Petr Akopov says “Russia is restoring its unity – the tragedy of 1991, this terrible catastrophe in our history, its unnatural dislocation, has been overcome.”

    The tradgedy was a century earlier with the Bolshevik rise to power. Too bad he doesn’t understand that.

    “That is why independent-minded Europeans are now completely uninterested in building a new iron curtain on their eastern borders – realizing that it will turn into a corral for Europe.” I would poin out to Mr. Akopov that they seem quite happy to go along with the digital iron curtain now in place, the Covid passport population control system (crushed yellow vest movement not withstanding), and the financial iron curtain the western governments are imposing. Like the Covid regime change policies there aren’t go to be repercussions on their (NATO nations) own people, to include the destrcution of their own middle class. At least those won’t affect oligarchs, think tankers, government employees, and various wards of the state.

    • TTG says:


      “Russia is no longer requesting Ukraine be “denazified” and is prepared to let Kyiv join the EU if it remains militarily non-aligned as part of ceasefire negotiations, according to four people briefed on the discussions.”

      This was in the FT’s reporting about Monday’s negotiations in Turkey. Russia is still firm on no NATO membership, no foreign military bases and no nukes.

      Putin seems to think the Bolsheviki’s tragedy was to establish the soviet socialist republics rather than declaring all those lands as one Russia.I don’t think there’s much light between Putin and Akapov. On Russian state TV, various other personalities are also calling for inclusion of Ukraine, the Baltics and even more into a monolithic greater Russia. I’ve said before that there is a continuity between the USSR and the RF that many Russophiles refuse to acknowledge.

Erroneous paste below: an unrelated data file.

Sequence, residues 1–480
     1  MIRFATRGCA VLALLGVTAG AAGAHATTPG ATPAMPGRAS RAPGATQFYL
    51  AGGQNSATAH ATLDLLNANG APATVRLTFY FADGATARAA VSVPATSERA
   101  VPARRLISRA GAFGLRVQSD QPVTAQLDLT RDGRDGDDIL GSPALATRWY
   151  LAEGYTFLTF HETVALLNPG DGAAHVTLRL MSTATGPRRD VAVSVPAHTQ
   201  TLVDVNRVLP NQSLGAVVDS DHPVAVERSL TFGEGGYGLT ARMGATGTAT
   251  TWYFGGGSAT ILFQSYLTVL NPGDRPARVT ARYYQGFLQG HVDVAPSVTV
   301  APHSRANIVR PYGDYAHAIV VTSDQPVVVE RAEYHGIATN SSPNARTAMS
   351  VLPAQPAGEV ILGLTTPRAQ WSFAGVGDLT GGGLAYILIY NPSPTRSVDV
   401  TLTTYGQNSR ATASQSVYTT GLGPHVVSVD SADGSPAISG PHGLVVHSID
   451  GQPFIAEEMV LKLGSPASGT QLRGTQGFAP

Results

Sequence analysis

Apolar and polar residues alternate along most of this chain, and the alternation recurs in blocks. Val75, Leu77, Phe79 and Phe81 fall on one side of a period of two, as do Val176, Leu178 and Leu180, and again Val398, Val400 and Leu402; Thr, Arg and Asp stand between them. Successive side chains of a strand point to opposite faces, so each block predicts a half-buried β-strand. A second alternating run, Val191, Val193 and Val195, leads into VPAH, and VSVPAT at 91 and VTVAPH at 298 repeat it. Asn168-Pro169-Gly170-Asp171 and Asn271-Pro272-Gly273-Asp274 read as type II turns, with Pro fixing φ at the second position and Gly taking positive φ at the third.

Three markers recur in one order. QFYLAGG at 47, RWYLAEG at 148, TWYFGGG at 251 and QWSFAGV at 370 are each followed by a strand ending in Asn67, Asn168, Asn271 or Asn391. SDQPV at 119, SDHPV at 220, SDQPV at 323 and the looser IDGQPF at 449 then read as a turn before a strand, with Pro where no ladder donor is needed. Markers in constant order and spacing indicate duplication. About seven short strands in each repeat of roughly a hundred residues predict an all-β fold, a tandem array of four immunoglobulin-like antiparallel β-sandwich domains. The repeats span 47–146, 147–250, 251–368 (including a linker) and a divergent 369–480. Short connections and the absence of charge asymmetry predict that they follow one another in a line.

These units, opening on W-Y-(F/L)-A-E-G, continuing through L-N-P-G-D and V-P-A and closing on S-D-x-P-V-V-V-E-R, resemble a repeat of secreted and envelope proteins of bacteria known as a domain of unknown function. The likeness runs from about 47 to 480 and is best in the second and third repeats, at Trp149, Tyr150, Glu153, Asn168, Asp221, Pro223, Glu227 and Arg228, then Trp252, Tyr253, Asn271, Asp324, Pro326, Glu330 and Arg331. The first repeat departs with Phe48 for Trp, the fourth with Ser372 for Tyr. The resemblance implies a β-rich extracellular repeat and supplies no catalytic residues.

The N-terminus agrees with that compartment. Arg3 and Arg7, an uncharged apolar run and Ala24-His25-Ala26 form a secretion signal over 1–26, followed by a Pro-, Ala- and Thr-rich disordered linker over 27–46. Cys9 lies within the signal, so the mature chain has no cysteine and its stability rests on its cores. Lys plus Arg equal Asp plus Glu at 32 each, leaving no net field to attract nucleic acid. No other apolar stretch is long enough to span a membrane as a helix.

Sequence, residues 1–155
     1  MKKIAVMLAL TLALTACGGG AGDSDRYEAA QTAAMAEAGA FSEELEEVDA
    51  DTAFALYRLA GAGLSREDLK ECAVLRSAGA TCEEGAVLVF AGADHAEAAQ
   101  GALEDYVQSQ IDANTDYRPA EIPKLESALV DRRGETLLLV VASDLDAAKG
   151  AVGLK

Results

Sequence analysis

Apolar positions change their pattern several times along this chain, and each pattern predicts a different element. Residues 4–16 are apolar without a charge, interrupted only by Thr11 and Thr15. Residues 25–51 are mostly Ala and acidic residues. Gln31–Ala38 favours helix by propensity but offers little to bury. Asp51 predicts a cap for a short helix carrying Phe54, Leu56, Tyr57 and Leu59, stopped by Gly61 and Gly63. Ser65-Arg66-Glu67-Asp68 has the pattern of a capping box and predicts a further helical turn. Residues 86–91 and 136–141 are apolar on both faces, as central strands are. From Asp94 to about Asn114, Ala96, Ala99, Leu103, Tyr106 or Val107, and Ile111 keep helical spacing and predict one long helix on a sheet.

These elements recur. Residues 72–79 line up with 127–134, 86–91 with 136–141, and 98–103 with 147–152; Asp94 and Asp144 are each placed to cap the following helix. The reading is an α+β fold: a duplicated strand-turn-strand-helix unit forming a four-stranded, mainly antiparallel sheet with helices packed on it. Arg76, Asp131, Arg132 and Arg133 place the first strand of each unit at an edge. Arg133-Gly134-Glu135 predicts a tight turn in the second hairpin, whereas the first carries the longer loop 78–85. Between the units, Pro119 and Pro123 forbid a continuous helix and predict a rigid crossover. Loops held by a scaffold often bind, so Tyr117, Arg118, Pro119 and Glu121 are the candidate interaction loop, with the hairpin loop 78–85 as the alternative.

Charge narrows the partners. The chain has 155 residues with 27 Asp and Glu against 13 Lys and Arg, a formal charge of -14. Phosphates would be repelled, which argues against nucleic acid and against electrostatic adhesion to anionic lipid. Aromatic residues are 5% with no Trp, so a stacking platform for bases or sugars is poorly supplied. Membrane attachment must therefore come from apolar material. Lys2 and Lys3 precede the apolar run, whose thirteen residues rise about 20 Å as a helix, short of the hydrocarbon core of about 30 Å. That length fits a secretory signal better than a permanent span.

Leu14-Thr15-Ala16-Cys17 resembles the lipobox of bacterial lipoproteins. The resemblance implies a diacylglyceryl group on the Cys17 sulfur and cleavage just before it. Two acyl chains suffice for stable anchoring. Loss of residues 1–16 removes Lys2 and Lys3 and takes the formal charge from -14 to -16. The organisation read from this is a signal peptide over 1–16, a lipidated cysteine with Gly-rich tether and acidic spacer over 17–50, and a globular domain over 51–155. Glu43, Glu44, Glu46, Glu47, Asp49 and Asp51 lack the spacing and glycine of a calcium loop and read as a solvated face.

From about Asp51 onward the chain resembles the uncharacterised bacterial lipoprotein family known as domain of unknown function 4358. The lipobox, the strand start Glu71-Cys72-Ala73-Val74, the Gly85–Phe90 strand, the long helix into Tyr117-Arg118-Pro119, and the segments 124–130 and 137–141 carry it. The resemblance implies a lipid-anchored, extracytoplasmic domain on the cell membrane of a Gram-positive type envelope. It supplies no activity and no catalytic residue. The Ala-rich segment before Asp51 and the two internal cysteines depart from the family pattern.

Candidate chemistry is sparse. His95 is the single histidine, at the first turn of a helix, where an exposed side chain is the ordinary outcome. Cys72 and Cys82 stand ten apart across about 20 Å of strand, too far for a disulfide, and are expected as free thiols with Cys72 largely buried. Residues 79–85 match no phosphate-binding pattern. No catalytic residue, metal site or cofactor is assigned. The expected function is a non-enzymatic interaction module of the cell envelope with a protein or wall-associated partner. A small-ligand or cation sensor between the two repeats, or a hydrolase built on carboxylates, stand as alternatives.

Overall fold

• Fred says:

        So the Financial Times put out what the great boot from NYC called “Fake News”? Sadly, from the way you wrote that it appears to be your words and not a quote from FT. Please excuse me for not realizing where that came from.

        What’s our objective in all this? Stopping Russia to keep Eastern Europe safe? What do we gain by all that besides a couple more generations of foreign entanglements?

      • Bill Roche says:

        TTG; I am not qualified to comment on military developments in the UK/RF war, but I can see obvious historical considerations. The Bolsheviks in 1917 were simply a replacement for the Czar. Russia remained but IMHO under no better rationale. Is this even debated anymore? In 1991 Russia, as “controller” of all Slavs, ended. This was the fundamental change for all of Europe from Poland to the Urals. B/c of current world politics, his age, or miscalculation, Putin thought he could turn Russia back to 1914. Looks like he was wrong. He got “punched in the nose”. What the Russophiles still refuse to consider is what the rest of the Balts, Finns, and Slaves think about this. Who has asked them if they want to surrender their nationhood and again become duchys, principalities, and regions of “greater Russia”. In “The Wizard of Oz” I recall that Dorothy just wanted to go home and be w/Aunty Em, Toto and her family. Sometimes you can’t go home. There was a different path for Putin and Russia to take. It was to accept the loss of their hegemony over Eastern Europe and extend a hand of genuine fellowship to “fellow Slaves”. What now of this?

      • Cerena says:

        The Russian Federation has wanted to have normal trade relationships with the western world. The RF should have been more attuned to the specifics of the US policies:
        “Paul Wolfowitz was introduced to the thought of Leo Strauss by his philosophy professor, Alan Bloom. He later became a student of the master, working directly with him at the University of Chicago. Leo Strauss had convinced him that Jews should not expect anything from democracies. In order not to endure another Shoah, they must build their own Reich. It is better to be on the side of the handle than of the axe.” Are you really blind to the influence of the Ziocons?

  6. Tom Russell says:

    Were the advances near Kiev and Kharkov halted by the heroic defense of the motherland or were they never part of the plan? You dismiss Putin’s stated goal of securing the Donbas region yet why was Mariupol the only city taken by force? Not coincidentally it is in the Donbas and was occupied by the Azov battalion, from the Russian perspective a Nazi force. How many prisoners were taken in the liberation of Mariupol?

    While the heroic defense has been certainly been played up in the American media, please answer the question of whether Putin is stupid enough to occupy territory that would necessarily lead to a long bloody insurgency? Is he as stupid as the brilliant American politicians make him out to be? His oft stated goal might just be real.